Mass. Senate Votes To Fine Employers Not Providing Health Insurance

May 5, 2006 ( - The Massachusetts Senate struck down Thursday a veto by the governor of a provision that would force an assessment of employers that do not provide health insurance.

The provision, vetoed by Governor Mitt Romney last month, will require employers with at least 11 employees that do not offer health insurance to make a fair contribution toward that coverage or pay an annual $295-per-employee fee, according to Business Insurance.

The Senate overturned Romney’s veto on a 31-9 vote, following an similar move by the House in April (See MA House Overrides Vetoes of Health Care Bill ) for a measure that will for the most part subsidize health insurance payments in the state’s low income residents, according to the news report.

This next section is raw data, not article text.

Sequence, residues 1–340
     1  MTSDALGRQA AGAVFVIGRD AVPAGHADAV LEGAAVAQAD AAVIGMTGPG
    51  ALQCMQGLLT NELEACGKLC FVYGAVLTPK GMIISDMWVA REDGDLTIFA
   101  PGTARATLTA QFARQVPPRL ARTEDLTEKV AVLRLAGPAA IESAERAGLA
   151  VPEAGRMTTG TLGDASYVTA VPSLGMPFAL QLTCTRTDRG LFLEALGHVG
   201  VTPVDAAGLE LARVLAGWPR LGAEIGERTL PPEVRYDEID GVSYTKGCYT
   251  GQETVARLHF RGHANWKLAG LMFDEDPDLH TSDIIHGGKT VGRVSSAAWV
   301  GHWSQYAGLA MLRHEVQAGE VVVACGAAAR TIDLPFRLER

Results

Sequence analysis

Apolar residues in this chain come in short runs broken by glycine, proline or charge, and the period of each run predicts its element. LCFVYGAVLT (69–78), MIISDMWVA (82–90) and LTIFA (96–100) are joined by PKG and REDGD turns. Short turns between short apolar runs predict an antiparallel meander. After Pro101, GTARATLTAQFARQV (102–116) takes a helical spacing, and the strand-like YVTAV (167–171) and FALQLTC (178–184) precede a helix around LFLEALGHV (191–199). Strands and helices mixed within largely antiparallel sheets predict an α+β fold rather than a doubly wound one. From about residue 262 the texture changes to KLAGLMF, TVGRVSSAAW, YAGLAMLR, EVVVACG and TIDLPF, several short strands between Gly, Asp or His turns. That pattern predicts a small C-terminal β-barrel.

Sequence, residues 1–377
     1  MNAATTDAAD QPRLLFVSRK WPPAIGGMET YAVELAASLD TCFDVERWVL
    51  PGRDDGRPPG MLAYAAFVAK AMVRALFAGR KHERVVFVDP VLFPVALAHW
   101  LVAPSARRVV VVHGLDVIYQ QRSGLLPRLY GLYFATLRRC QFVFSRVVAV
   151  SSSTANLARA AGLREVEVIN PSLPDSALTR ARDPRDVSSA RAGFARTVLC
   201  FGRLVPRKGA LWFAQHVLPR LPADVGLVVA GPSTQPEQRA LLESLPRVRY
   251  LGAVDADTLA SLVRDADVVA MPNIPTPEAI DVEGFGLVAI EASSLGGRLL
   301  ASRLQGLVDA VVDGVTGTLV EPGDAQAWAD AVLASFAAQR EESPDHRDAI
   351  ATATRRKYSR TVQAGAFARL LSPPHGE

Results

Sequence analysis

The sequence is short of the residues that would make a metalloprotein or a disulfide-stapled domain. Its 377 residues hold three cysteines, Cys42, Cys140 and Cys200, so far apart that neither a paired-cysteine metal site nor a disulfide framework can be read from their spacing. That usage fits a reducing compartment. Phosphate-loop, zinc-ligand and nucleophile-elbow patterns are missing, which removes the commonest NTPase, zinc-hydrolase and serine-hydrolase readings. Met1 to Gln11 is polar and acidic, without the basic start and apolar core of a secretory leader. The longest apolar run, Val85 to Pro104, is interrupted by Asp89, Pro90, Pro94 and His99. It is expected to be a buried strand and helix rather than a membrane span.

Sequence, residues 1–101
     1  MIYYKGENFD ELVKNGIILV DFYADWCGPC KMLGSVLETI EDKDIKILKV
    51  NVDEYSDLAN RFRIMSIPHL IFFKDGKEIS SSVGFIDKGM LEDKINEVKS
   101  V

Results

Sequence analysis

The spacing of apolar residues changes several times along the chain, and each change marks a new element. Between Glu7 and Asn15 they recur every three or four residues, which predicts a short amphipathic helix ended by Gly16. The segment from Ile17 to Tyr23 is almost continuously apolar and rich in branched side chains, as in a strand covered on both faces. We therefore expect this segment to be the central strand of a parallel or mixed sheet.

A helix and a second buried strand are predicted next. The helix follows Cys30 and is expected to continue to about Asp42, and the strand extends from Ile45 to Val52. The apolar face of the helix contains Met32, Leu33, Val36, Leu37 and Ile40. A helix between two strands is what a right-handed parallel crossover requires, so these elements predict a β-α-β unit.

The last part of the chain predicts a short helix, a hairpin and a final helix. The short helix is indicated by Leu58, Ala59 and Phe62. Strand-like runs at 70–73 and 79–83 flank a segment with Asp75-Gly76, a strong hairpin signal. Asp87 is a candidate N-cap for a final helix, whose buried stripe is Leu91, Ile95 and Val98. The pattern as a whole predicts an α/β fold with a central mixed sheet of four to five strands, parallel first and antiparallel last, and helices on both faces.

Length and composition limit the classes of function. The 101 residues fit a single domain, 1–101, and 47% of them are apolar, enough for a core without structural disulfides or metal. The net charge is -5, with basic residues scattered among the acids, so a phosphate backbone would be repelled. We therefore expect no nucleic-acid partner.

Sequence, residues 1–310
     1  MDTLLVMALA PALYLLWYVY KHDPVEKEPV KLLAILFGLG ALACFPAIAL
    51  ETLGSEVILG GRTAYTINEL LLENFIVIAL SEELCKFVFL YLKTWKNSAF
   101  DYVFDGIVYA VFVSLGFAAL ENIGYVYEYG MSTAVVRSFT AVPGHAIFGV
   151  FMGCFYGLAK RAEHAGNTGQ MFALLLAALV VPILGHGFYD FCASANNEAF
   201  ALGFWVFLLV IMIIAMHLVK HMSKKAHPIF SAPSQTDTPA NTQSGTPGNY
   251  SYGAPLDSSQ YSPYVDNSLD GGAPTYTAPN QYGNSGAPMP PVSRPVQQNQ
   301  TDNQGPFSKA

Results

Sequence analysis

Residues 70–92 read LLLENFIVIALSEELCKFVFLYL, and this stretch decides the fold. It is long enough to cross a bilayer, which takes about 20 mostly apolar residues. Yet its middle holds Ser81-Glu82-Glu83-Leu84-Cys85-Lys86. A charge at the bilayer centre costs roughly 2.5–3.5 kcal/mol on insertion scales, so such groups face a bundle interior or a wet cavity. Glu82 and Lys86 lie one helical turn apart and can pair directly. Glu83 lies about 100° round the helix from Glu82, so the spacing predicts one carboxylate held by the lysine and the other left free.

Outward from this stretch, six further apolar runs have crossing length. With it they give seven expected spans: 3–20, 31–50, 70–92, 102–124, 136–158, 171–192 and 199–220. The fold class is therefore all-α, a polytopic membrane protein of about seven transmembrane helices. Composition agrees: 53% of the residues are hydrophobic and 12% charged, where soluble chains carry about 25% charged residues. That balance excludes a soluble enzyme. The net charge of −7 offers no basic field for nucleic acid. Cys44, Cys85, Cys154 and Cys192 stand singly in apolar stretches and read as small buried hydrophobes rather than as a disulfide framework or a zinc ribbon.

The number of Massachusetts residents that are now without health insurance stands at a little more than half a million, and the lawmakers hope the bill will by a big move toward reducing that number by about 95% over the next three years, Business Insurance reported.

The bill also requires all residents not under the poverty line to have health insurance or lose their state tax exemption that is worth $150 per person (See MA Bill Requires Citizens to Purchase Health Insurance ).